One final presidential site for this summer: the Herbert Hoover Presidential Library and Museum in West Branch, Iowa, just west of Iowa City. We stopped in while en route from Minneapolis to St. Louis. To my annoyance the management has reinstated limited opening hours on account of the latest COVID surge (as though this will actually do anything to prevent the spread of the disease), so we only got a half hour to look at it. They did let us in free, though.
Hoover was a remarkable individual. He was born into a Quaker family in West Branch, but moved to Oregon at age ten to live with an uncle after the death of both of his parents. He worked throughout his teens but took enough night school courses that he was accepted as a member of the inaugural class of Stanford University. There he worked numerous jobs, acted as class treasurer among other activities, and studied geology, in pretty much that order. However, he did eventually land a job with Bewick Moreing, a mining company active in the gold fields of Western Australia, where he was astoundingly successful at discovering new sources of ore and negotiating with the company’s workers. Stints in China and elsewhere followed, although he sold his shares in the company in 1908 and went into business for himself in London as a mining consultant and financier.
With the outbreak of the First World War in 1914, Hoover created and chaired a committee to repatriate thousands of Americans trapped in Europe, and then organized the Commission for the Relief of Belgium to provide food for the citizens of that occupied country. When America declared war on the Axis powers in 1917, President Wilson appointed Hoover to lead the U.S. Food Administration, which shipped millions of tons of food to the allies in Europe. Following the war, the Food Administration became the American Relief Administration and continued to send aid to Europe, including former enemies like Germany and Bolshevik Russia, and after public funding ran out for the ARA, Hoover continued its work by soliciting private donations! This competent and energetic activity earned him a position as Secretary of Commerce in the cabinets of Warren Harding and Calvin Coolidge, and even though Coolidge was a firm believer in a minimalist government and laissez-faire economics, Hoover had enough latitude to continue his essentially Progressive program of technocratic intervention in regulating such things as traffic safety, commercial air travel, product standardization, and radio communication. All this set him up for a successful run for the presidency in 1928.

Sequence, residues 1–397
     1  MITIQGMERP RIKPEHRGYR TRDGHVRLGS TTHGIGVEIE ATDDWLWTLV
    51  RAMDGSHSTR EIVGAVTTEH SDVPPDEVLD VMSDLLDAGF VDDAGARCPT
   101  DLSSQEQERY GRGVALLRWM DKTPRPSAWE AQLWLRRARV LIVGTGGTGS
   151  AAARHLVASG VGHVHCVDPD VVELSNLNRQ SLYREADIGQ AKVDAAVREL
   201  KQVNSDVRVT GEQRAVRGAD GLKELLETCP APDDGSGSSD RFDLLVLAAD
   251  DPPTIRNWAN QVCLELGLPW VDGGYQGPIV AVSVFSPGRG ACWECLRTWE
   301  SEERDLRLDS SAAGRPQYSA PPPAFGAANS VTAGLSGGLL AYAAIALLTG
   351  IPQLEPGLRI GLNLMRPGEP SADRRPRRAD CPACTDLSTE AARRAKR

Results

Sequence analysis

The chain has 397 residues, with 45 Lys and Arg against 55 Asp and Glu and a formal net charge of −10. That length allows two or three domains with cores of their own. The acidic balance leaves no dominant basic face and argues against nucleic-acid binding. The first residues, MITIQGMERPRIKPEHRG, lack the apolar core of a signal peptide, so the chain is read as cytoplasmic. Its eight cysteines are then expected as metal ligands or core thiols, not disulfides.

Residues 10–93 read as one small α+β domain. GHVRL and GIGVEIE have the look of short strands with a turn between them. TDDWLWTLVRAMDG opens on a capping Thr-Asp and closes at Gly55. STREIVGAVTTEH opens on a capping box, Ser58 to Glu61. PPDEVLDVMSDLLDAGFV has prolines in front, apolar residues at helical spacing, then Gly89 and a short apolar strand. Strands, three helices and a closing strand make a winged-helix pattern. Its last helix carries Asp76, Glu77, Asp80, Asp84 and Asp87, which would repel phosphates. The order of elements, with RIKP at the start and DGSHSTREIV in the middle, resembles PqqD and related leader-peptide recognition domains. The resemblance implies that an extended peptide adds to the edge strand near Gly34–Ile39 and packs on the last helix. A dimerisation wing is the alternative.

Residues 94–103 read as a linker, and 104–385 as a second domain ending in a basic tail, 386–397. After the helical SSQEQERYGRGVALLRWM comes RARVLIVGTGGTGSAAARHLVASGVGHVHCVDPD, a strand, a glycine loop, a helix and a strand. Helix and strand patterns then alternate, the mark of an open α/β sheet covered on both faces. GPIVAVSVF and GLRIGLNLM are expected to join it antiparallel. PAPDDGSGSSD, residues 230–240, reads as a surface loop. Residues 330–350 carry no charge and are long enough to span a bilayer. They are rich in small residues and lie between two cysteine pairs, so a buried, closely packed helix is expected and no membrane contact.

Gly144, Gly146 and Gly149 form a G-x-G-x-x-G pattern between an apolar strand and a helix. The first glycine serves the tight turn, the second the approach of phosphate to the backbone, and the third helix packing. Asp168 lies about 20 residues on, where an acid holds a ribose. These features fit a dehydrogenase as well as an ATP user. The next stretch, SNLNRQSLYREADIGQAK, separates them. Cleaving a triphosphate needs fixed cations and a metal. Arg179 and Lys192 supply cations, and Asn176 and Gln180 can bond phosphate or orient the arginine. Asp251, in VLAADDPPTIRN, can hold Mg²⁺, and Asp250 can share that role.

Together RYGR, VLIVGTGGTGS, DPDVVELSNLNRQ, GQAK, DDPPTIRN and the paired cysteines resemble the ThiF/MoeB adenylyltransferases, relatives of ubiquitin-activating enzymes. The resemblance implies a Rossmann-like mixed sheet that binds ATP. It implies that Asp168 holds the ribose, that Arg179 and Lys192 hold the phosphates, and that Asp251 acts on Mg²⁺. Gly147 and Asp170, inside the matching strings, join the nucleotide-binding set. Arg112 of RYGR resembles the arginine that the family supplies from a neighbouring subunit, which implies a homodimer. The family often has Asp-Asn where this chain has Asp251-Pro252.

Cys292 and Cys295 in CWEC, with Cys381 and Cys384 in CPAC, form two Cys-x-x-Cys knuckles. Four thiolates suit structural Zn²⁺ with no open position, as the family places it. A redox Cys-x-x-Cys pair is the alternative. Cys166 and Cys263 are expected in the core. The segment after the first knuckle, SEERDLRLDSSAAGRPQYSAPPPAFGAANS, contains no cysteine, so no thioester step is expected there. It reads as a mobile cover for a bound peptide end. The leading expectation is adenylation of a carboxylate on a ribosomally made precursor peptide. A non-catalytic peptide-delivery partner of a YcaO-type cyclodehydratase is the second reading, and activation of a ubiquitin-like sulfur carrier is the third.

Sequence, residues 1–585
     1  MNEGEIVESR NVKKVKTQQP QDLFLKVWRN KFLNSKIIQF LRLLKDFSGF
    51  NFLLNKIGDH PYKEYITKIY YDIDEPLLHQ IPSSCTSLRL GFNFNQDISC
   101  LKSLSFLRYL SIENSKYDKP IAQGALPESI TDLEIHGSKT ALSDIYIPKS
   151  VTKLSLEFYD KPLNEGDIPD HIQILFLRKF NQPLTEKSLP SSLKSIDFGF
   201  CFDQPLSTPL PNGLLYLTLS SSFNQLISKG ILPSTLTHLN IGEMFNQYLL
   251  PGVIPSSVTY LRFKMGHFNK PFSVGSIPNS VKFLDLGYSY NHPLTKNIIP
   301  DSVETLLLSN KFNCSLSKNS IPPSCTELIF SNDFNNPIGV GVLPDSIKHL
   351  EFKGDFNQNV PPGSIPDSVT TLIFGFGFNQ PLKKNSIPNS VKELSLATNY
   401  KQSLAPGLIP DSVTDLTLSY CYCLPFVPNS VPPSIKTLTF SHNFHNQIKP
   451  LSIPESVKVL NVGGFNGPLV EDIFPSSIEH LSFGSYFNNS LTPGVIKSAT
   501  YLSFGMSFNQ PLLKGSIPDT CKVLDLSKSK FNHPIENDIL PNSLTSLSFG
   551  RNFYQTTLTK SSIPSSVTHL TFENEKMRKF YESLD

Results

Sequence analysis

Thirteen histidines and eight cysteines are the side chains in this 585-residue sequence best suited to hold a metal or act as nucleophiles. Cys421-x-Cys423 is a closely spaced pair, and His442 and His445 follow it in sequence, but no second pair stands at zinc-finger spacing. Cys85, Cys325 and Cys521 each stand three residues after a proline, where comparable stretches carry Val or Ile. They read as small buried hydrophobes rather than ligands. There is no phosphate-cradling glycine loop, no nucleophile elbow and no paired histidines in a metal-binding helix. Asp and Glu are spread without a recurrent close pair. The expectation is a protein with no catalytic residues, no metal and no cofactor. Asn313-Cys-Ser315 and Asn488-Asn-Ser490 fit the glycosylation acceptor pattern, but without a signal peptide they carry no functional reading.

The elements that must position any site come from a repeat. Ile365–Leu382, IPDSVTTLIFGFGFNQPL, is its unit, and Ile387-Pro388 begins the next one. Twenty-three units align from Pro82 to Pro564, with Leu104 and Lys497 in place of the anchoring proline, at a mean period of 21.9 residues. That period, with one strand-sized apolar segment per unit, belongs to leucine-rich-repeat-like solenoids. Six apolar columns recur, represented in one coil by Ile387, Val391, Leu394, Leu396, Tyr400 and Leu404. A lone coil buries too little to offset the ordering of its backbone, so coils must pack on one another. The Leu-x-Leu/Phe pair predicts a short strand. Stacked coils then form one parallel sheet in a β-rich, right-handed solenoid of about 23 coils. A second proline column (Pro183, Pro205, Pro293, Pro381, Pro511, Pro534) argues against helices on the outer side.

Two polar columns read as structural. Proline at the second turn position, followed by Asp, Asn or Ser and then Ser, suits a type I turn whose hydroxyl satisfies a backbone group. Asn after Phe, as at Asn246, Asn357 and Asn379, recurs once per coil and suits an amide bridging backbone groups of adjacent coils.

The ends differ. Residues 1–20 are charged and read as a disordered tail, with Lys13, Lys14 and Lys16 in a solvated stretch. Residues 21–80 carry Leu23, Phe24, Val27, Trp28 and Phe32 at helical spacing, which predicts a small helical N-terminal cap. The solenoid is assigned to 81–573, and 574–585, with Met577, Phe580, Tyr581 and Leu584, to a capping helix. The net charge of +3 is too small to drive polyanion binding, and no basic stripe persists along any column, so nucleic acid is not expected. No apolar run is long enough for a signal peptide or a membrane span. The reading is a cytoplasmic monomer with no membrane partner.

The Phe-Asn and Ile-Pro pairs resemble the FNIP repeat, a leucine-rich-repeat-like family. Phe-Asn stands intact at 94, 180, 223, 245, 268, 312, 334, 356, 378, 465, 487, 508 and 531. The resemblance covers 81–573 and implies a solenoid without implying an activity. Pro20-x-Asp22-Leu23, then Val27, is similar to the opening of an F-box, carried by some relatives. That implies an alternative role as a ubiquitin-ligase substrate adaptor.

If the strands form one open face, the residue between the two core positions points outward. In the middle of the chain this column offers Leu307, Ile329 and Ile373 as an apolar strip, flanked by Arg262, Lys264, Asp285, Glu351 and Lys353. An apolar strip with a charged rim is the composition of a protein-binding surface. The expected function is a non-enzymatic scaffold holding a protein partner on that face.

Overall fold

But starting in October of 1929, it all went awry. The big question with Hoover is: why was he unable to deal with the Great Depression effectively? He was no Coolidge, sitting back and waiting for economic problems to work themselves out (which is not necessarily a bad thing, although the Great Depression was likely too great a problem to be ignored in this way). Hoover had no problem with an activist government, and he tried various things like lowering interest rates, establishing the Reconstruction Finance Corporation, and sponsoring the Emergency Relief and Construction Act. Yet it is Hoover’s successor Franklin Roosevelt who gets credit for the New Deal, and whose campaign propaganda that Hoover “did nothing” is still with us.
Hoover did approve the Smoot-Hawley Tariff, which famously dampened international trade at a time when it desperately needed stimulating. He also refused to abandon the gold standard to the same effect. He called out federal troops against the Bonus Army, which did not go over well. Most important, Hoover retained a belief in volunteerism and in state-level or local efforts to alleviate the Depression, and that “the Dole was a cure worse than the disease.” A majority of voters in 1932 disagreed, and Hoover lost his bid for reelection.
Hoover lived until 1964 and had an active post-presidency, during which time, as usually happens, his reputation improved somewhat, although it never reached the heights that he enjoyed in the 1920s.